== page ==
Europe is starting to tighten the screws on migrants. Convers-ations about human rights are receding into the background in the face of the threat of a new crisis associated with an influx of illegal immigrants.
As we predicted a few months ago, this summer was the peak of the influx of refugees into European countries. News of new breakthroughs across borders, new casualties and new restrictions related to preventing migrants from entering a particular Europ-ean country comes every day, if not every hour.
So, this week, the UK Home Office reported that the number of foreigners who illegally entered the country this year has reached almost 8.5 thousand people. That has already exceeded last year’s record (8.4 thousand) – and this despite the fact that there are still five months before the end of this year. Last Monday, a record was recorded for the arrival of illegal immigrants in one day – at least 430 people. But we are talking only about those border violators who were caught. How many broke through unnoticed by law enforcement officers and how many died in the waters of the English Channel, no one can say.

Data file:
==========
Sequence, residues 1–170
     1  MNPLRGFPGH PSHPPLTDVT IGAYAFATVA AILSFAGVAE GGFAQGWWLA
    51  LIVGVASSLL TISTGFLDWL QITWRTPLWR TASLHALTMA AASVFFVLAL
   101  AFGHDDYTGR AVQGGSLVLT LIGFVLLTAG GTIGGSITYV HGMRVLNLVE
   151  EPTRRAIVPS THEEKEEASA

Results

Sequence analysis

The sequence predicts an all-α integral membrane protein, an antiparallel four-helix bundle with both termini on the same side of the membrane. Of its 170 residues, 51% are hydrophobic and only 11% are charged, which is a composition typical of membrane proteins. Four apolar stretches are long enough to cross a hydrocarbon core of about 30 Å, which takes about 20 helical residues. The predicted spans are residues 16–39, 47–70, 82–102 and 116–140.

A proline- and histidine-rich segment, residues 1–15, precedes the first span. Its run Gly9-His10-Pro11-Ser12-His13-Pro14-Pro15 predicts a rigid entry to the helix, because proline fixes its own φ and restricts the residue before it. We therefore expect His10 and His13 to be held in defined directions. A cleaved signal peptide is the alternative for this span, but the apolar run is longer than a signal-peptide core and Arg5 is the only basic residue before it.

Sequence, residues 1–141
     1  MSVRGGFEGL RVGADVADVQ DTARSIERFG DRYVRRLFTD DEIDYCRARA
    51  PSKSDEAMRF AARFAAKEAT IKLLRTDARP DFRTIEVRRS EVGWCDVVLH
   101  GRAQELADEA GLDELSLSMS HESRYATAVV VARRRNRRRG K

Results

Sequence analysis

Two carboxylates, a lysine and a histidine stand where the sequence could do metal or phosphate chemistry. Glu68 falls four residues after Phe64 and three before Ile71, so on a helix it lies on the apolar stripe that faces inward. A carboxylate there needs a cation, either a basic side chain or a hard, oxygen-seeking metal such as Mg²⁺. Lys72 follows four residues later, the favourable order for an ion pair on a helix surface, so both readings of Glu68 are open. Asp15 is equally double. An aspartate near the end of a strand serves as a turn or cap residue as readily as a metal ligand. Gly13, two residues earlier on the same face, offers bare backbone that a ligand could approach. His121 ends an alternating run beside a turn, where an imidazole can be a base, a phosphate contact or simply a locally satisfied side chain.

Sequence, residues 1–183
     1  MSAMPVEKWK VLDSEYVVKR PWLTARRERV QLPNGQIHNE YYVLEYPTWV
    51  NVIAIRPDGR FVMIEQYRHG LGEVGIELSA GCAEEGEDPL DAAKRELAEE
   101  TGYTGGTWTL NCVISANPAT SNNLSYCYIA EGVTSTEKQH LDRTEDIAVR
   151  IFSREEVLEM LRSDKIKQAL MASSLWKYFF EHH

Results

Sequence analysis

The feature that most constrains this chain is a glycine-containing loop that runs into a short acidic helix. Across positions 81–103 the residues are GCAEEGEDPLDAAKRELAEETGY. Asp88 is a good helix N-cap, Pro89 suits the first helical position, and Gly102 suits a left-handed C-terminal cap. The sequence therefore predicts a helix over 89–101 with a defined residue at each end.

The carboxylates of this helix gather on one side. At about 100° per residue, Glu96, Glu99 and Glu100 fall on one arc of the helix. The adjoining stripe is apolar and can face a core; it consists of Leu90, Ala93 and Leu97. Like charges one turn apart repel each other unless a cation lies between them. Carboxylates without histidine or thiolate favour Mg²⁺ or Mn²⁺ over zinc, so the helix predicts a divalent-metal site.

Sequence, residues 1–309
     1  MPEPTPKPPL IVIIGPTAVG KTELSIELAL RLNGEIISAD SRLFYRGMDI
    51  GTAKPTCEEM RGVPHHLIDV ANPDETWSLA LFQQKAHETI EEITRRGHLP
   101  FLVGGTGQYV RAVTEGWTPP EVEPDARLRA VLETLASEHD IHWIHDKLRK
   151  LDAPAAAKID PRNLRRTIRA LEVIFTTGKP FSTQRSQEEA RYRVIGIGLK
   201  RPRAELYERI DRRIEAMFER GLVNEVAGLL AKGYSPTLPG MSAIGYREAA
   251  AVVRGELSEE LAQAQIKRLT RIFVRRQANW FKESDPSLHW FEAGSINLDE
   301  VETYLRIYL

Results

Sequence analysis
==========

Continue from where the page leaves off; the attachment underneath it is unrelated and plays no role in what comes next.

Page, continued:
It is not surprising that Interior Minister Priti Patel (herself, by the way, the daughter of Indian migrants who arrived in Britain from Uganda in the 1960s) acknowledged the failure of the refugee reception system and called from the rostrum of parliament for its tightening. On Wednesday, MPs supported in the second reading a bill introduced by the Interior Ministry to make illegal entry into Britain a criminal offense, for which a prison term of up to four years will be provided. The new law will also give the right to expel migrants who have already entered the territory of Britain to other countries not related to the origin of the violators.
Patel justifies the need to remedy the situation, in particular, the growing costs of the system of control over migrants, which now requires more than a billion pounds. And on the same day, she agreed with the French Ministry of Int-ernal Affairs to allocate an additional 54 million pou-nds to strengthen the border control system. This is in addition to the agreement last November, when Lon-don allocated 28 million to the French to double the number of police patrols on the coast of the strait.